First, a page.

2.)       Hel Z, Xu J, Denning WL, Helton ES, Huijbregts RP, Heath SL, Overton ET, Christmann BS, Elson CO, Goepfert PA, Mestecky J. Dysregulation of Systemic and Mucosal Humoral Responses to Microbial and Food Antigens as a Factor Contributing to Microbial Translocation and Chronic Inflammation in HIV-1 Infection. PLoS Pathog. 2017 Jan 26;13(1):e1006087. doi: 10.1371/journal.ppat.1006087.
PMID: 28125732
PMCID: PMC5268400


3.)       Prentice HA, Lu H, Price MA, Kamali A, Karita E, Lakhi S, Sanders EJ, Anzala O, Allen S, Goepfert PA, Hunter E, Gilmour J, Tang J. Dynamics and Correlates of CD8 T-Cell Counts in Africans with Primary Human Immunodeficiency Virus Type 1 Infection J Virol. 2016 Oct 28;90(22):10423-10430.
PMID: 27630231
PMCID: PMC5105675


4.)       Mónaco DC, Dilernia DA, Fiore-Gartland A, Yu T, Prince JL, Dennis KK, Qin K, Schaefer M, Claiborne DT, Kilembe W, Tang J, Price MA, Farmer P, Gilmour J, Bansal A, Allen S, Goepfert P, Hunter E. Balance between transmitted HLA preadapted and nonassociated polymorphisms is a major determinant of HIV-1 disease progression. J Exp Med. 2016 Sep 19;213(10):2049-63. doi: 10.1084/jem.20151984.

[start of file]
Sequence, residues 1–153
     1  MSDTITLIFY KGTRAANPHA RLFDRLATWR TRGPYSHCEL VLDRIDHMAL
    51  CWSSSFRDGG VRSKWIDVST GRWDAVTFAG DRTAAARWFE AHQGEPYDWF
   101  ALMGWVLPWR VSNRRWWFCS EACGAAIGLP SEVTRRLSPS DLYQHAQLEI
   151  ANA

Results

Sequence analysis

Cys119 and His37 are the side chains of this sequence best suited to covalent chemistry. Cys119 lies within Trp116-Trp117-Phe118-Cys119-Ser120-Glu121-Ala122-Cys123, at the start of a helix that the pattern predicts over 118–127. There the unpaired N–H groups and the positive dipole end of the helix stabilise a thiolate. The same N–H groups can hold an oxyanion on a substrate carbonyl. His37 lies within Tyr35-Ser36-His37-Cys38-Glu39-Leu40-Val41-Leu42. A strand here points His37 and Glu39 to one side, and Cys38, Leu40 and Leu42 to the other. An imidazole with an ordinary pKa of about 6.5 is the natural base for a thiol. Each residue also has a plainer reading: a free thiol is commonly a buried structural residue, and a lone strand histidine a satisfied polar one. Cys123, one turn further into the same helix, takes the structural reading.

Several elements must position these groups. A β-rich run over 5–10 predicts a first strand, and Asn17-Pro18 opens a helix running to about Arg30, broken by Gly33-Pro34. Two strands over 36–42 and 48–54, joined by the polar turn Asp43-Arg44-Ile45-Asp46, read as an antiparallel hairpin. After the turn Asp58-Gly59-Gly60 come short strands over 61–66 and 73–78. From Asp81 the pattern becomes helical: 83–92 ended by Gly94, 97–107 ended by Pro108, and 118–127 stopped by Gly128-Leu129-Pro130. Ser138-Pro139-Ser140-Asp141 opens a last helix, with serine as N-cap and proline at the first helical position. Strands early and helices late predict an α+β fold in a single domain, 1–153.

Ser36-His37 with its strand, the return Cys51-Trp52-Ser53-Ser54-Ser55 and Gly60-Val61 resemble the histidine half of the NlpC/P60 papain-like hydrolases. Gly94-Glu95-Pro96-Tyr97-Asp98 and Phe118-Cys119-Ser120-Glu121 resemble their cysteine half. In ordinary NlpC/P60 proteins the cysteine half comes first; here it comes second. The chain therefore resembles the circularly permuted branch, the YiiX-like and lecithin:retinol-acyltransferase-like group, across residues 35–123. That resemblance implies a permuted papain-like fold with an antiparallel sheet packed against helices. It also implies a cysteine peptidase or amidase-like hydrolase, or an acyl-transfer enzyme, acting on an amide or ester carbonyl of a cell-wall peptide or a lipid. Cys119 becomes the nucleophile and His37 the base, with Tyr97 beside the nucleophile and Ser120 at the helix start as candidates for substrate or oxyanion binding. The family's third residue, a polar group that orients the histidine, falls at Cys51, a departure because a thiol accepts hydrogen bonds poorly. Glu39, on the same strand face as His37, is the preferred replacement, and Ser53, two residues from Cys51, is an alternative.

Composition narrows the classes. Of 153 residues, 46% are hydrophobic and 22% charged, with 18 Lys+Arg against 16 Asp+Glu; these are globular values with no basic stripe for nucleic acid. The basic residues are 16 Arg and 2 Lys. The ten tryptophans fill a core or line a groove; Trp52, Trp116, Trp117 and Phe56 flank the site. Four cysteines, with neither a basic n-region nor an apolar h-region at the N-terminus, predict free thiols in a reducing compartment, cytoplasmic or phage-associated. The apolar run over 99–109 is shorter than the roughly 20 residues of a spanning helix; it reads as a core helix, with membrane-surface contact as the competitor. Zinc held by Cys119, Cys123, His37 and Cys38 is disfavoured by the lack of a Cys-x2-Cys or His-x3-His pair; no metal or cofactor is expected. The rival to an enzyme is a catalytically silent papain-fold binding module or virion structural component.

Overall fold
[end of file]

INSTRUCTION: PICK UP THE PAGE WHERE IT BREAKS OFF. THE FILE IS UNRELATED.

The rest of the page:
PMID: 27551154
PMCID: PMC5030801


5.)       Carlson JM, Du VY, Pfeifer N, Bansal A, Tan VY, Power K, Brumme CJ, Kreimer A, DeZiel CE, Fusi N, Schaefer M, Brockman MA, Gilmour J, Price MA, Kilembe W, Haubrich R, John M, Mallal S, Shapiro R, Frater J, Harrigan PR, Ndung'u T, Allen S, Heckerman D, Sidney J, Allen TM, Goulder PJ, Brumme ZL, Hunter E, Goepfert PA. Impact of pre-adapted HIV transmission. Nat Med. 2016 Jun;22(6):606-13. doi: 10.1038/nm.4100.
PMID: 27183217
PMCID: PMC4899163


6.)       Jordan SJ, Gupta K, Ogendi BM, Bakshi RK, Kapil R, Press CG, Sabbaj S, Lee JY, Geisler WM. The Predominant CD4+ Th1 Cytokine Elicited to Chlamydia trachomatis Infection in Women is Tumor Necrosis Factor-Alpha, not Interferon-Gamma. Clin Vaccine Immunol. 2017 Jan 18. pii: CVI.00010-17. doi: 10.1128/CVI.00010-17. [Epub ahead of print]
PMID: 28100498
PMCID: Not assigned


7.)       Matthews QL, Farrow AL, Rachakonda G, Gu L, Nde P, Krendelchtchikov A, Pratap S, Sakhare SS, Sabbaj S, Lima MF, Villalta F. Epitope Capsid-Incorporation: New Effective Approach for Vaccine Development for Chagas Disease. Pathog Immun. 2016 Fall-Winter;1(2):214-233.
PMID: 27709126
PMCID: PMC5046838


8.)       Schaaf K, Smith SR, Duverger A, Wagner F, Wolschendorf F, Westfall AO, Kutsch O, Sun J. Mycobacterium tuberculosis exploits the PPM1A signaling pathway to block host macrophage apoptosis. Sci Rep. 2017 Feb 8;7:42101. doi: 10.1038/srep42101.
PMID: 28176854
PMCID: PMC5296758


9.)       Schaaf K, Hayley V, Speer A, Wolschendorf F, Niederweis M, Kutsch O, Sun J. A Macrophage Infection Model to Predict Drug Efficacy Against Mycobacterium Tuberculosis. Assay Drug Dev Technol. 2016 Aug;14(6):345-54. doi: 10.1089/adt.2016.717.